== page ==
Calder was commissioned to create an artwork that would accompany Métaboles, a new ballet choreographed by Joseph Lazzini to music by Henri Dutilleux and produced by the Théâtre Français de la Danse. The result, Untitled (Métaboles), embodies Lazzini’s themes of variation and transformation. Its subtle movements echo the delicate movements of the figures onstage as it continually unfolds in space. The dynamic mobile made its public debut alongside the ballet’s premiere at the Odéon-Théâtre de France, Paris, in 1969. The ballet also featured costumes designed by Calder.

Calder’s interest in performance didn’t end there, however. In 1968, the year before Métaboles was realized, Calder premiered his own “ballet without dancers” known as Work in Progress at the Teatro dell’Opera in Rome. The result is approximately 19 minutes long, with Calder-designed costumes, hanging and standing mobiles, stabiles, and painted backdrops, accompanied by electronic music by three composers.

Listen to the third stop of the free smartphone tour of Calder: In Motion, The Shirley Family Collection to hear Calder Foundation President Alexander S. C. Rower discuss how considerations of space and movement played influential roles in the artist’s creation of Untitled (Métaboles). You can explore all 16 stops on the audio tour via our SoundCloud or by scanning the QR code adjacent to select works in SAM’s galleries. Reserve your tickets to see Calder: In Motion at SAM to witness how this work ‘dances’ for yourself!

Untitled (Métaboles),1969

NARRATOR: This unusual work was made as a prop for a ballet, Métaboles, produced by Théâtre Français de la Danse, in 1969. Sandy Rower:

ALEXANDER S. C. ROWER: Here, he was invited by Joseph Lazzini, who was a choreographer, to collaborate and participate with this stage performance. And it’s a highly active work: the way the loops are connected makes it have a lot of movement. So, you could imagine it hung high above dancers and being quite free in its movement.

Calder often regarded his work in relation to choreography. I mean, his mobiles—the composition and the way they move—and if you think of them as multidimensional experiences—you begin to quickly relate them to music and dance and other arts. So, he kind of broke a lot of traditions in sculpting—what we think of traditionally as sculpting bronze and marble and clay—and he got rid of the mass, and then he introduced this activity of the sculpture responding to our space, responding to the room that we’re in or, in this case, in the theater.

NARRATOR: The work was made according to Calder’s initial model and assembly sketch.   

ALEXANDER S. C. ROWER: Its qualities are extremely unusual because it was actually fabricated by set masters, so not made the way that Calder usually made his mobiles, at his foundry or in his studio with his hands himself. The fact that he could step away and allow others to introduce their aspects makes it really a collaborative thing.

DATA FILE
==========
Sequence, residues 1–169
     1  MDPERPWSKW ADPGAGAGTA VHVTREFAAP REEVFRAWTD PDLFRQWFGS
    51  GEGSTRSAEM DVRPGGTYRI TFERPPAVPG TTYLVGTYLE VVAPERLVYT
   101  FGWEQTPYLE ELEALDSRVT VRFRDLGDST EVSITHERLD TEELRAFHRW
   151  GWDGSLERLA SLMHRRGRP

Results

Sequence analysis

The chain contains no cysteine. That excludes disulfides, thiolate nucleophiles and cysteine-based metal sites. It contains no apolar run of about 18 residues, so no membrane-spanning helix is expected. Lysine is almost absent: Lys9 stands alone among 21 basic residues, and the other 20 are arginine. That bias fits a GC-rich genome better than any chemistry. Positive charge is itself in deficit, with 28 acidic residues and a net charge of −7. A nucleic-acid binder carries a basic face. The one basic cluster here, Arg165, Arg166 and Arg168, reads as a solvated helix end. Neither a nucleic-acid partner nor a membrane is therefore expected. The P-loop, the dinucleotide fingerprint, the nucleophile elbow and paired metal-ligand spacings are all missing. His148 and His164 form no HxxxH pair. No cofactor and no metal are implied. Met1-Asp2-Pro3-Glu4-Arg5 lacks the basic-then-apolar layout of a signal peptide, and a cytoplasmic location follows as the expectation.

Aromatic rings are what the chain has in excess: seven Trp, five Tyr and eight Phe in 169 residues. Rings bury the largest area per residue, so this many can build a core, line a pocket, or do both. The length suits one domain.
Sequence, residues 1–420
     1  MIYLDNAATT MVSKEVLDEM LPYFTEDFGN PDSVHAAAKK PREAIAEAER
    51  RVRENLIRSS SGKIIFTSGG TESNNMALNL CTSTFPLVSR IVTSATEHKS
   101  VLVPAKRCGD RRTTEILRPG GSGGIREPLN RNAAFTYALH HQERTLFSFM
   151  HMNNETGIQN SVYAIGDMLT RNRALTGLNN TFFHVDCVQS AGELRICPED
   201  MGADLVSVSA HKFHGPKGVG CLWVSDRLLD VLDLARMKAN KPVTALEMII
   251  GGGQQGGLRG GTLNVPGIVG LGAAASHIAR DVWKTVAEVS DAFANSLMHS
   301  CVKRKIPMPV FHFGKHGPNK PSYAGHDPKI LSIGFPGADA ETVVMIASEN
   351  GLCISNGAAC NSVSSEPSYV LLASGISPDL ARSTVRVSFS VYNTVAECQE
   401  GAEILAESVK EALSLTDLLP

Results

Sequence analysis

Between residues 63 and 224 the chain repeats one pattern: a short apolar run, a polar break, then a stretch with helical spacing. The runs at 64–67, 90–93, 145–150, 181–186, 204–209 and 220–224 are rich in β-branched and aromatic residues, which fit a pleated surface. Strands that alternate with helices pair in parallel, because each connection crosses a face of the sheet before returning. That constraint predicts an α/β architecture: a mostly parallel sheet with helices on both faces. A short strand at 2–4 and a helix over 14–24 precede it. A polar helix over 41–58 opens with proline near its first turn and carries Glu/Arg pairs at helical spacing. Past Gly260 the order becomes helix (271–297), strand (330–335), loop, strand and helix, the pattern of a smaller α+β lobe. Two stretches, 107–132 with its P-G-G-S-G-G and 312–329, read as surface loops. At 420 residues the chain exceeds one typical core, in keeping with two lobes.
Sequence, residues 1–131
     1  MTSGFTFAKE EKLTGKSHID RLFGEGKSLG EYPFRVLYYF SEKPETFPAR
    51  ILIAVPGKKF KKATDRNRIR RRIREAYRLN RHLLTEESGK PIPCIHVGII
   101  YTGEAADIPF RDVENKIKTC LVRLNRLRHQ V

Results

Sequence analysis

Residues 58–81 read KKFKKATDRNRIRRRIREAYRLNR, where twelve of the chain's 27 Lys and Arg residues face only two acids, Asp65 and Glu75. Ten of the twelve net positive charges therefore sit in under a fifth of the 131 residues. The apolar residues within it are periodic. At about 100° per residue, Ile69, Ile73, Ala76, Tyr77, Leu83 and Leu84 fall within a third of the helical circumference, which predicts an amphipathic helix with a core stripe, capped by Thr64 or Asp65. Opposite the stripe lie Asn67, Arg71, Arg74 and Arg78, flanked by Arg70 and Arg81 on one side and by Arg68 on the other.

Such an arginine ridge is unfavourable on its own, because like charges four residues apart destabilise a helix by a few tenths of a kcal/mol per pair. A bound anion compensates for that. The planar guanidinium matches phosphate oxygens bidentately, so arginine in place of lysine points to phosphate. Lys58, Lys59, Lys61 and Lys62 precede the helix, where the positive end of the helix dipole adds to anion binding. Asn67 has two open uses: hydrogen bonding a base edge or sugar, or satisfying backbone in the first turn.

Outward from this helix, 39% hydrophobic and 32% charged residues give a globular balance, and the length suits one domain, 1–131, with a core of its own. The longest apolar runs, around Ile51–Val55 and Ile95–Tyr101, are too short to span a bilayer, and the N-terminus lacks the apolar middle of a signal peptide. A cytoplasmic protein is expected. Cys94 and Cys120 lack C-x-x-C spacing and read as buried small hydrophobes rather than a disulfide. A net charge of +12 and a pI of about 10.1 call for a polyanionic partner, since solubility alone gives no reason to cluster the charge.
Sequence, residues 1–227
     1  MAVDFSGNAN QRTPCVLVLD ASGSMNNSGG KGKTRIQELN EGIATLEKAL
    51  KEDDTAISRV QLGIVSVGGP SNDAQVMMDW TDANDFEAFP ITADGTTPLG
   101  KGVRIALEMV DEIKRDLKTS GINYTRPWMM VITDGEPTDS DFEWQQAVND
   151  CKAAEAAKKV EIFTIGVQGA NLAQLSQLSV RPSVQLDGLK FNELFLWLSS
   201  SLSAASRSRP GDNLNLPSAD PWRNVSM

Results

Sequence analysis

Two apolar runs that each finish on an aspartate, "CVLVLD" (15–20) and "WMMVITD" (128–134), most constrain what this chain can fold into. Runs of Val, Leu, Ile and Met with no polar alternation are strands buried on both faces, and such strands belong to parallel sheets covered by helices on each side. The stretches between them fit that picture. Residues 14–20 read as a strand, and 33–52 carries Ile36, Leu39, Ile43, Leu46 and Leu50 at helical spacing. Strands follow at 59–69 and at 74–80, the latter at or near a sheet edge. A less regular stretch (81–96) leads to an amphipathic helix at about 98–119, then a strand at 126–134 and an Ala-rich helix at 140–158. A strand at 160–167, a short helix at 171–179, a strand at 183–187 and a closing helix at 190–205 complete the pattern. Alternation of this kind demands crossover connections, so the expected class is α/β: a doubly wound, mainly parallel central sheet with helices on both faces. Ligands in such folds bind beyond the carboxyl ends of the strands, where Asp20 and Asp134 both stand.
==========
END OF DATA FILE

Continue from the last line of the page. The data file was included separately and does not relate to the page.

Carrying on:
– Lily Hansen, SAM Marketing Content Creator

Image: Installation view of Calder: In Motion, The Shirley Family Collection, Seattle Art Museum, 2023, © 2024 Calder Foundation, New York / Artists Rights Society (ARS), New York, photo: Alborz Kamalizad.

The Boys in the Boat: See UW Rower Robert Moch’s Vase Collection at SAM

Originally published in 2014, The Boys in the Boat by Daniel James Brown recounts the true story of how nine University of Washington rowers beat the odds to win gold at the 1936 Berlin Olympics. Following the December 2023 release of the story’s film adaptation, we thought we’d take this opportunity to share about one of the rowers’ special connection to the Seattle Art Museum.

While browsing through SAM’s European art galleries, you may spot the name Robert G. Moch. Known as Bob and Bobby to those who knew him, Moch led the University of Washington rowers to victory as the team’s coxswain. Following his retirement from rowing and an illustrious law career, he and his wife, LaVerne Moch, donated several pieces of 19th century French glass to the museum. 

These 10 vases, donated by the Moch family in 1995, were designed by well-known glass designer Émile Gallé (1846–1904) around the end of the 1800s and utilize the popular technique known as cameo glass. With their stylized floral patterns—like silhouettes layered atop the lighter glass—the artworks demonstrate the Art Nouveau style and the influence it derived from Japanese designs.

The 1936 Olympics in which Moch and his teammates competed were particularly notable as a result of increasing political tensions brought on by Adolf Hitler’s dictatorial rule. Although the city of Berlin had been chosen to host the Games before Hitler’s rise to power, he used the international attention of the Olympics  as a way to propagandize Germany’s superiority and bolster his fascist and racist beliefs. The Nazi Party intended to ban Black and Jewish athletes from competing, but decided against enforcing these restrictions after the US and other nations threatened to boycott the Games.